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Archive for March, 2008

Website Leads to Sales Process Disconnects

Tuesday, March 18th, 2008

Once a site is set up to start producing sales leads and has traffic to actually get them, there tends to be an over-zealousness that takes place.  Impatience can also play a factor in getting that transition off on the wrong foot.  When making a web lead into a sales lead, be respectful of what the person has requested and never look to put them on the spot.

All the wonderful things about web tracking and analytics can become a liability when transitioning from web lead to sales prospect.  Here is what tends to happen when someone is overly excited about their site’s lead.  The lead information is delivered to the sales person quickly (because the web is immediate).  With analytic information at their fingertips many people look to show how efficient they are.  They call the lead and say, “I saw you downloaded our whitepaper 15 minutes ago, I thought that you might have some questions now that you’ve had time to read it!”  The immediate reaction to this is generally suspicion as “big brother” is obviously watching.  It also presumes that the person has nothing else to do than immediately read the material.  It starts things off poorly, it hints that the sales person is desperate and shows disrespect for their time.

So in the above example, what is an appropriate reaction?  First of all, is there a reason to contact the person at all?  Some leads are just a cursory investigation.  Many times it’s not a good use of time to follow up right away.  Did they request more information?  Most of the time, the answer is no.  It’s jumping the gun to get the sale.  If you’ve put some effort into your site and its ability to convert, have faith.  Your information is on the whitepaper, they have an opportunity to join your newsletter on the thank you page, and you’ve confirmed and delivered the download so they can respond immediately if they have questions.  Right?  If not, sales isn’t the issue, you’ve still got conversion work to do.  If so, let the process work.  Don’t be impatient.  Leave the lead alone for at least a couple hours.  If there is a legitimate reason to contact them, then do it.  Make sure it’s in the requested manner and not to try and impress them by revealing that you know what  they did on the site.  Site activity gives no real insight into their needs, wants, or desires.  You’ll get there, that’s the selling process, don’t jump the gun by believing your marketing has done that for you.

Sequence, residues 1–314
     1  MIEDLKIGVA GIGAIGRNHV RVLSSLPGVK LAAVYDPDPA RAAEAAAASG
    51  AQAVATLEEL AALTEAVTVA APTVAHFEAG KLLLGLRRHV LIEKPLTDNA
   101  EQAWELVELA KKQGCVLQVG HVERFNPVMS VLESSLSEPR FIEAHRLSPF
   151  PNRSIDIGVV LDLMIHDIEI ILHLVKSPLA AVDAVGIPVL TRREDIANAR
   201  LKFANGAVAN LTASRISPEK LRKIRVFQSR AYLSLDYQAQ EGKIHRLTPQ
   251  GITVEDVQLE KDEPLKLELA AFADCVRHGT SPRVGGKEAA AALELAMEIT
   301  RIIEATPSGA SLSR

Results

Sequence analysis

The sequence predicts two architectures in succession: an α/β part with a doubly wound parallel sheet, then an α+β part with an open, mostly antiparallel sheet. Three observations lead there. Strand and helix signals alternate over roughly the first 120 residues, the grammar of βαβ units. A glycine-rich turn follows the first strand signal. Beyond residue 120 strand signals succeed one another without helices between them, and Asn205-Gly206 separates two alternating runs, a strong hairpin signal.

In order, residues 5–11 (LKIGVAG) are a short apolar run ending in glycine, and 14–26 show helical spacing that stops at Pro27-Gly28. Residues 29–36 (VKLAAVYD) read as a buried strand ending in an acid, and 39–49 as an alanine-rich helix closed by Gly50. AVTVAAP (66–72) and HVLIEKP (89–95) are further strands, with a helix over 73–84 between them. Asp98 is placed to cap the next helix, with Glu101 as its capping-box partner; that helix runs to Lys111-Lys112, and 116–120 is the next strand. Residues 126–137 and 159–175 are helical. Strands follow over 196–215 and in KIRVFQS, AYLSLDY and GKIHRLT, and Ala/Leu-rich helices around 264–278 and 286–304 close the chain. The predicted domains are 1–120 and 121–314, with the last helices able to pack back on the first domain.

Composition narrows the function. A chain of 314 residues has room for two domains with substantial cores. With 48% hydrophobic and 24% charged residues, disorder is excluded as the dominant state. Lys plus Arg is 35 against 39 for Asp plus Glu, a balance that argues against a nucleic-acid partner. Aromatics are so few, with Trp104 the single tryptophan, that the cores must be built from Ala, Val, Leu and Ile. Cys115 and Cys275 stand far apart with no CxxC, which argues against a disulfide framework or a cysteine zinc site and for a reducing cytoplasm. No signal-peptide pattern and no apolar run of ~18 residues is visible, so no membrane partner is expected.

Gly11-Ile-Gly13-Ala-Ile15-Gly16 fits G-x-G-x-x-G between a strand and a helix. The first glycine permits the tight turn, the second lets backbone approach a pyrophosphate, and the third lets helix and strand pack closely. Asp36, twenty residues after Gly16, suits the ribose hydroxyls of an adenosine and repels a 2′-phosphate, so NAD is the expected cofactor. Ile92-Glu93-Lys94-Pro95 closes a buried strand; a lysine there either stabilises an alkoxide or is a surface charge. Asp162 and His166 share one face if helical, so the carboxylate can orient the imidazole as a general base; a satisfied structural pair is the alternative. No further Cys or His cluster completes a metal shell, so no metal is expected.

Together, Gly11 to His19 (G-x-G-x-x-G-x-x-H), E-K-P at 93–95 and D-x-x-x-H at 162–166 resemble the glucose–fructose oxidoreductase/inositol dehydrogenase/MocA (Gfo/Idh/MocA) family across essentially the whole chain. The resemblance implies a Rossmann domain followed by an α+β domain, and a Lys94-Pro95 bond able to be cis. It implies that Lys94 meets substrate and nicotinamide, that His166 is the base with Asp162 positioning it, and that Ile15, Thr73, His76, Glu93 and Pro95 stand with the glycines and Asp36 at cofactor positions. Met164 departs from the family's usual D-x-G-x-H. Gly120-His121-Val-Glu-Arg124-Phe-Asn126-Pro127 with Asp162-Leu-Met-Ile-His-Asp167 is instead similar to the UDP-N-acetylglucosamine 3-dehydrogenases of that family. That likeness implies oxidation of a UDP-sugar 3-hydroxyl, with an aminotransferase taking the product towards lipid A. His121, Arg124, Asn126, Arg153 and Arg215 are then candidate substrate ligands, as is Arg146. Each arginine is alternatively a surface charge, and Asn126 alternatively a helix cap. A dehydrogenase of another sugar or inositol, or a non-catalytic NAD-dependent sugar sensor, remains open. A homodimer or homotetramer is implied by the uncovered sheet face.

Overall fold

Marketing is not selling and selling is not marketing.  A site designed to generate leads is marketing.  Your goal is to engage visitors not get them to buy.  Ideally, as they get more engaged, they will respond, and be an easier and more profitable sale. 

Of course, this is not an advocacy for never being proactive with leads.  Many businesses, online and otherwise, have died waiting for the phone to ring with orders.  Some people need that extra effort, but that’s usually reserved for information junkies that float around the site consistently.  Most leads will give an opportunity for a continual engagement.  Trust in that engagement and it will only strengthen the bond when it’s time to move into the sales process.  If you rush into selling them it will cast a negative light on the interaction and will make the sales process that much harder in overcoming a bad first impression.

3 Avenues to Profit Online: #3 Service

Monday, March 10th, 2008

The final way to make money on the Internet is by offering a service.  This is often a wasted or misused opportunity.  Many organizations don’t really promote their service.  They have a brochure site that tells a little about themselves and an overview of what they do, and nothing else.  That is not promoting your service.  Why?  It doesn’t let the visitor engage with your organization.

It is very hard for most service based companies to sell what they do over the Internet.  The exceptions to this rule are B to C organizations, with lower cost services, that people have a good understanding of, and limited package options (carpet steaming, dry cleaning, etc.)  If there are too many options or the service is not immediately understood visitors will resist buying directly from the site.  Even home services like a plumber meet a lot of resistance since problems and project prices can vary so much.  As a general rule if an organization has to pick a package or run a quote, it will be very difficult to generate sales directly from a website.